• Change in eating/sleeping habits
  • Withdrawal from friends, family, and regular activities
  • Marked personality change
  • Giving away prized possessions
  • Sudden period of calmness (because they know the suffering will end)
  • Abusing substances
  • Writing a will
  • Feeling guilt/shame
  • Feels trapped
  • Feels they are a burden to others
  • Aggression and recklessness

Approaching Someone who is Suicidal

1) Express your concern – make sure to phrase it in a way that shows how YOU have been noticing something different about THEM (i.e. put yourself in the driver’s seat). For example:

  • “I have been feeling concerned about you lately.”
  • “Recently, I have noticed some differences in you and wondered how you are doing.”
  • “I wanted to check in with you because you haven’t seemed yourself lately.”

2) Ask questions to get to know more about the situation –

  • “When did you begin feeling like this?”
  • “Have you thought about getting help?”

3) Ask directly about suicide –

  • Do you have a suicide plan? (PLAN)
  • Do you have what you need to carry out your plan (pills, gun, etc.)? (MEANS)
  • Do you know when you would do it? (TIME SET)
  • Do you intend to take your own life? (INTENTION)

suicide

(View the website linked in the heading for more details)

And remember, a person who is suicidal does not truly want death. They want a way to end their pain and suffering, and they think that their last solution is death.

Hotlines:

USA:

International

Additionally, I’d like to share this resource that I found a few days ago:

The quiet place project – various sites to get rid of distractions, vent about your struggles/emotions, and finding a comfort spot amid all the chaos

if you go, cities will not fall. empires will not crumble, temples will not collapse. citadels will not catch fire; rome will not go up in blazing glory like the sky did on your birthday last july fourth, when you whispered make a wish! and i laughed at you—because who makes wishes on fireworks?—but secretly wished with all my heart for you to not be sad anymore. if you go, rain will not drench the world for forty days and forty nights like it does in the chick-flicks we stay up watching until 2 a.m., i never liked those, you know, but you do and i like you.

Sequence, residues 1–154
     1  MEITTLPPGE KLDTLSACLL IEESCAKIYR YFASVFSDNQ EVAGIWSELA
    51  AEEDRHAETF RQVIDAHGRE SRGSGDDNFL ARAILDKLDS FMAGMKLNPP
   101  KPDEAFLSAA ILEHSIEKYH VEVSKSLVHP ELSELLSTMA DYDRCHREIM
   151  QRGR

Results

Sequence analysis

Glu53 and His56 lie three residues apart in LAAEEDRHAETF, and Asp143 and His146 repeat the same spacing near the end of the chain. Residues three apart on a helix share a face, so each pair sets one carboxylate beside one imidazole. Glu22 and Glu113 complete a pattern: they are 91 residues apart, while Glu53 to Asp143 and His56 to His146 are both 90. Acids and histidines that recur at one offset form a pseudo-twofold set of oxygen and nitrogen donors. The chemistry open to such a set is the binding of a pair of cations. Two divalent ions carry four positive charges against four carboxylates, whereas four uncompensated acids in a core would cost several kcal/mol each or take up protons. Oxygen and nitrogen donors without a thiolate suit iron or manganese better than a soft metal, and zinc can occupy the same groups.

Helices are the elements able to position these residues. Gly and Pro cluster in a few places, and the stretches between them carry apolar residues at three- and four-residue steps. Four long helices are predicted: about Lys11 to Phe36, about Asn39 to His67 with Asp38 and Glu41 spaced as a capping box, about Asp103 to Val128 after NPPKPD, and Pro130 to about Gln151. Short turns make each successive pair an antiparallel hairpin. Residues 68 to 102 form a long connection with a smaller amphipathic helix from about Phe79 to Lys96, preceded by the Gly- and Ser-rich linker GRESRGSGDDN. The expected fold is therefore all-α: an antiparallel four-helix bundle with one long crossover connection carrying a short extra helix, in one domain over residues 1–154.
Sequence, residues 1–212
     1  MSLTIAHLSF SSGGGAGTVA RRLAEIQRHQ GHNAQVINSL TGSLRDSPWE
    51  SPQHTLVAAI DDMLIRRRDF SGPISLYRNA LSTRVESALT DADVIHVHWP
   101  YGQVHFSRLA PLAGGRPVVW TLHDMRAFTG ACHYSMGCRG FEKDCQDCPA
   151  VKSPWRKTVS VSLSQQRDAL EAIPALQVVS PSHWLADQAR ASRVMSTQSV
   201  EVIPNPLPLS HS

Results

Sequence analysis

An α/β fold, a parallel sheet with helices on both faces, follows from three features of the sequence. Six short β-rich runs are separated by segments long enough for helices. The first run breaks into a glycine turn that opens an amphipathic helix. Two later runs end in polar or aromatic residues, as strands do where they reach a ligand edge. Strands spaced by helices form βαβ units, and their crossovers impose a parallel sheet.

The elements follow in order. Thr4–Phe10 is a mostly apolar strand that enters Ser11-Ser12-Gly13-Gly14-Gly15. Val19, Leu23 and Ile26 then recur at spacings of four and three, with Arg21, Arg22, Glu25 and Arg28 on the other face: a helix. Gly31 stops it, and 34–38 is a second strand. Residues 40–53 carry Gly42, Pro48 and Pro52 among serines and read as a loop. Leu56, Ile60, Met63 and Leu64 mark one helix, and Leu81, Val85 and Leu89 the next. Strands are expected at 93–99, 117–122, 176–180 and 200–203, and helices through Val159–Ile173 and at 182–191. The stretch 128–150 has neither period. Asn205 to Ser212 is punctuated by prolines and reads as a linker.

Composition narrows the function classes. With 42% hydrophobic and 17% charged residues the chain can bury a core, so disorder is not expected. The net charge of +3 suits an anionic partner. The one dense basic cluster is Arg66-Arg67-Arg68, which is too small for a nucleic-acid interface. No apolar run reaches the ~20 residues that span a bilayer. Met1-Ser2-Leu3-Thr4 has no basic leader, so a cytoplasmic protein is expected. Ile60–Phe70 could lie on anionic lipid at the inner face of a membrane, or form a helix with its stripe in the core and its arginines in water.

if you go, the earth will keep turning.

but.

if you go, the boy who sits across from you in math class will hear your name on the loudspeaker, and he’ll realize he won’t have anyone to help him on calc problems anymore but mostly he’ll wish that he’d talked to you about something other than integrals. if you go, your little sister won’t have anyone to compliment her drawings even though they’re masterpieces because she’s too shy to show them to anyone else. if you go, your big brother who claims he’s mature because he has a girlfriend will cry until he can’t breathe, and you won’t even be there to tease him about it.

if you go, i’ll miss the midnight texting sessions about nothing in particular, the shared peppermint lip gloss, the early morning trading of answers to chemistry problems we were supposed to do last night. i’ll miss sitting in the back row of the movie theaters and laughing until my ribs ache even though everybody turns around to glare at us. i’ll even miss listening to your staticky voice on the phone whispering help, i don’t think i can do this anymore; i’ll miss the rush of relief that comes when i hear you talk because at least that means you’re still here, you’re still hanging on.

if you go, nothing big will happen. no stars will explode. no sound, even, except the quiet breaking of all the hearts you left behind.

source: inkmagician; one of my favorite prose poems

Please share posts like these to your friends, family, etc because chances are, they may need it in the most unexpected times. It is important to raise awareness for issues that affect so many lives yet the public knows little about.